I must agree with Abigail A. knowing the situation first hand as well. I used to work at Goodwill and know both sides and the two different areas being discussed. The area where items thrown into bins and mishandled is the weigh and pay. I worked in that area and that is some hard work. Items are thrown and tossed and so forth to move them quickly in and out. Yes, there are people there buying to send and sell to other countries, of course, and there are some searching for scrap metal. There were also book dealers, EBay sellers, antique searchers and church organizations. They all were there picking through the bins. Although things became ripped, trashed and smashed, some still took the items and fixed them up or excused the appearance because of the price. But before the item even lands in weigh and pay the actual retail store usually scans to ensure its not is what is considered a good item. Dependent upon condition and or how long it has been in the retail store is what determines if the item is sent to weigh and pay. But thats the same thing with the mark downs in almost any store, Goodwill just has a more dramatic downfall I guess. I also worked in the other area with those that hung clothes, and did very small tasks. FYI those that worked in weigh and pay received minimum wage for every hour that they were on task. But that did not always happen, behaviors happen and Goodwill understands and accommodates and tries to get individuals back on task so they can eventually have a job they are paid for every hour without behaviors. Those individuals are higher functioning individuals and the smaller tasks are completed by lower functioning individuals. Clothes that the weigh and pay didnt sell the other clients would take off the racks and put in a bin. For the task of putting the clothes in the bin clients are paid per piece. Some could complete this task with no problem and others only did what they felt like. But they were paid for all that they did. Most of the clients lived in group homes had friends who worked with them and didnt care too much about the tasks. They enjoyed being there. Those that think its not enough to roll out of bed for may want to rethink that. They developed relationships, went on outings, and were able to do other things they enjoy while there. I was a skills-trainer and you did things for your clients. If they needed something you didnt mind taking them to run an errand. We would go out to eat, parks, wherever we could. But back to pay, if Client A does one piece of work and Client B does 30 of course client A will make less. If client A is paid 3 cents per piece and does nothing else thats what they made. I would think that is similar to Amazon Turk or virtual bee where youre paid per keystroke. I dont understand the disconnect. I think certain extreme situations were cherry picked for that expose. As far as the retail store prices, I have no idea what is going on online. I think they have lost it. I have never heard of Goodwill offering financial assistance. I know them for providing job opportunities and training to those in difficult situations and some areas offer housing I thought. But my pay sucked and higher ups were like Big Bucks. It was great training and I learned so much, but I had to do a lot as well. Goodwill isnt all good but it isnt all bad.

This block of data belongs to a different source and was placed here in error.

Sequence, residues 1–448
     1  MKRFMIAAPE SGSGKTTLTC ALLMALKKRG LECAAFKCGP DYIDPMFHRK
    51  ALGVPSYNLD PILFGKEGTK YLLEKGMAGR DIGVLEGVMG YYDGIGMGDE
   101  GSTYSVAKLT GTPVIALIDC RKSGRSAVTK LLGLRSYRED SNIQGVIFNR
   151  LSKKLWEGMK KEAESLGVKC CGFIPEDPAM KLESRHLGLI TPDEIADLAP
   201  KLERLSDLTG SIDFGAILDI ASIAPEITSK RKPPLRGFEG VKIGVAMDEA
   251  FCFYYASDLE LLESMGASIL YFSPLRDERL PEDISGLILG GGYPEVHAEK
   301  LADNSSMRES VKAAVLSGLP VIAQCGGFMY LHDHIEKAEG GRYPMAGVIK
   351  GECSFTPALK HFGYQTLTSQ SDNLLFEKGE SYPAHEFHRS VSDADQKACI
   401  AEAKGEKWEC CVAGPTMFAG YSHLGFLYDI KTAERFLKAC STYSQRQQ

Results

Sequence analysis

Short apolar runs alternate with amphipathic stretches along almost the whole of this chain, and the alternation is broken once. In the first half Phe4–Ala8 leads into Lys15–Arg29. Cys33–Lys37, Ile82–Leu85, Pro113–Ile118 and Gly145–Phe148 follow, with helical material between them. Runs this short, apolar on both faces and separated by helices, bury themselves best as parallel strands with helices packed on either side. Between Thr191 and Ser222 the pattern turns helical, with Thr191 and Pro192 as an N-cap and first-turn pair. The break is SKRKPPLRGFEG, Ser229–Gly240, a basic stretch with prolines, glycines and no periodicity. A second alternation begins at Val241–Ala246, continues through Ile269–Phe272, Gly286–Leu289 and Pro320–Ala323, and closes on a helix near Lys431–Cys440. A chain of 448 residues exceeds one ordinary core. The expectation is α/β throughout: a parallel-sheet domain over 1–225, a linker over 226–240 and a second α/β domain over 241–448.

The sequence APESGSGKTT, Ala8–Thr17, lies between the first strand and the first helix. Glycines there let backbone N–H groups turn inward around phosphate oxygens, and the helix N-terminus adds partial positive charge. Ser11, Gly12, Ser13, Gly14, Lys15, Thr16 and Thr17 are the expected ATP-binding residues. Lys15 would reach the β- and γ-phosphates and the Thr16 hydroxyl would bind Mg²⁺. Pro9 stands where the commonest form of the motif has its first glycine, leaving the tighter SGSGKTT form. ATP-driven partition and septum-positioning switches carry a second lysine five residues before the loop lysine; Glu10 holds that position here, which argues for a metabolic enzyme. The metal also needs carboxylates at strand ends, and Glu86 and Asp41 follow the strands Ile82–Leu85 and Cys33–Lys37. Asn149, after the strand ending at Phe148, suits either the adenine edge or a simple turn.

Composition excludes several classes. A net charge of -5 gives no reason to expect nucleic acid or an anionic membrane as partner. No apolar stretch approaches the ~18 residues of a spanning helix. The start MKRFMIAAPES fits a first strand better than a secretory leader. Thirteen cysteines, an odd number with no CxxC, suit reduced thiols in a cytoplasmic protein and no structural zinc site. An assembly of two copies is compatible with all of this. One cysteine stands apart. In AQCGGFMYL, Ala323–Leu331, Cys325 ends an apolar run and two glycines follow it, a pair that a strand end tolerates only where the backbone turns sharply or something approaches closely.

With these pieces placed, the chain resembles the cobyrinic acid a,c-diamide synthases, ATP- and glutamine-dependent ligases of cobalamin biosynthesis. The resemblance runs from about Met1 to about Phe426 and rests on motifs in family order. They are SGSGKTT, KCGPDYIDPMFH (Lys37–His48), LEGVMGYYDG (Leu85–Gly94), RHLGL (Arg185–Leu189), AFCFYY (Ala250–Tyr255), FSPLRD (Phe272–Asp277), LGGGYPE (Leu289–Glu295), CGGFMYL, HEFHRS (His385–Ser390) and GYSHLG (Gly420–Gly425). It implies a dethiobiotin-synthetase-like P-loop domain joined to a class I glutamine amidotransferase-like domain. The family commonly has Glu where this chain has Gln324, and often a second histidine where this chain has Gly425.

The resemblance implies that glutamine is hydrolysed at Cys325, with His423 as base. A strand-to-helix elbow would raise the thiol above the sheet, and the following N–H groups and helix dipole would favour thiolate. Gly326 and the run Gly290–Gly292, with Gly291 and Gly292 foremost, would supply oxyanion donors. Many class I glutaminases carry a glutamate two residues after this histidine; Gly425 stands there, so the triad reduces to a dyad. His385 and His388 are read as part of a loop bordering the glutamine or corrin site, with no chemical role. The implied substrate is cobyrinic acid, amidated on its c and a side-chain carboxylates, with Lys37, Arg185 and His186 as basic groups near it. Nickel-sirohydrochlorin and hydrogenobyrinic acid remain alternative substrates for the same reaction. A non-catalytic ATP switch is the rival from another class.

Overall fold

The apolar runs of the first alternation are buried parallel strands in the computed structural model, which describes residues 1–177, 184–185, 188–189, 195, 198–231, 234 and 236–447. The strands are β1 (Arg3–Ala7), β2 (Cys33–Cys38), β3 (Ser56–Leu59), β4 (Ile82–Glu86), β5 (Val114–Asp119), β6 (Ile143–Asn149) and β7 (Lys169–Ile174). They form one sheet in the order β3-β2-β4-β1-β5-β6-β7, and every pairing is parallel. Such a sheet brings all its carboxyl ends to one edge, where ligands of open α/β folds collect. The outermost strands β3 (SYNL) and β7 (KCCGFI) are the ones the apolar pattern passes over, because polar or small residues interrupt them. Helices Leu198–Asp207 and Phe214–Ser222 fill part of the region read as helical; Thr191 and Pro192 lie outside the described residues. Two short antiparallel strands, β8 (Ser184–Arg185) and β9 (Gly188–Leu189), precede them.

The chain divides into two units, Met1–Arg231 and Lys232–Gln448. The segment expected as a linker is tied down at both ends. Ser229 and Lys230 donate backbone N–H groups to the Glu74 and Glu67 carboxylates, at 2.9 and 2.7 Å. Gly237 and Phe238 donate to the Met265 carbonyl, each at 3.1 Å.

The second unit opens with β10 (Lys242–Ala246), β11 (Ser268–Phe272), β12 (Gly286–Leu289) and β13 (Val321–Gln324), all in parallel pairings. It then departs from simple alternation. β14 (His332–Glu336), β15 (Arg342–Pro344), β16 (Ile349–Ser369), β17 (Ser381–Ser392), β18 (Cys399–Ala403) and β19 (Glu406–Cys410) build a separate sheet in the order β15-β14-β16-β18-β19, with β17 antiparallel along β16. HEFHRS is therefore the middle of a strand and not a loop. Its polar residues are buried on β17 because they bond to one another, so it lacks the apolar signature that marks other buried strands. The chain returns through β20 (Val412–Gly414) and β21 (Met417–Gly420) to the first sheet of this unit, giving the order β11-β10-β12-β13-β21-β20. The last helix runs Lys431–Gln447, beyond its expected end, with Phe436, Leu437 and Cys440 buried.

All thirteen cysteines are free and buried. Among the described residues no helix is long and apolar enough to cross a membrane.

As an Accountant, I recommend that every month people work to gather their excess or unused items and donate it to a legit 503b non-profit charity. The benefits are tremendous!
For anyone who files the family taxes, finding deductions is an effort which gives great rewards. One of the easiest places to find deductions is in tax deductible donations to charities. Any donation made to a non-profit charity can be claimed on income tax as a deduction.
Ask a QuestionHere are the questions asked by community members. Read on to see the answers provided by the ThriftyFun community or ask a new question.
Does anyone know of a charity that will pick up in Woodstock, Georgia? I have furniture that I would like to give away. Atlanta Furniture and Salvation Army don't service this area.
By heimudan from Woodstock, GA
If the furniture is clean and undamaged by animals
or people, I'd think you could simply set it out
by the street and put a sign on it saying, "Free to
Good Home", and see what happens.
Of course, this might apply only if you live in a
neighborhood. Many (even affluent) neighborhoods
want to play with recycling things, or they know
someone who truly needs the furniture items.
I'd much rather give things to my neighbors if they
can use them than to have anyone make any
person pay for it like the thrift stores and used
furniture businesses do. Most of the people
shopping in those places don't have enough money
as it is. If there's any way I can help them, I want
to do that.
If you live in a college town, almost anything
you set out by the street with a "freebie" sign on it
will disappear like magic.
I was taught that "Charity Begins at Home, and
extends outward in ever increasing circles".
If you do not live in a neighborhood (like out in the
country or an inaccessible area), then this might
not work for you.
I hope this helps.
Julia in Boca Raton, FL
We called the local Habitat for Humanity when we had to get rid of some furniture. They were very happy to come pick it up! I was able to find them through the phone book, but they have a website, also.
There's also:freecycle.org or call a local church for a deserving family in need?.
A Domestic Violence organization; churches that help those in need?
There is a Vietnam vets organization that will come to you with a truck. You can schedule a pick up online at: www.vva.org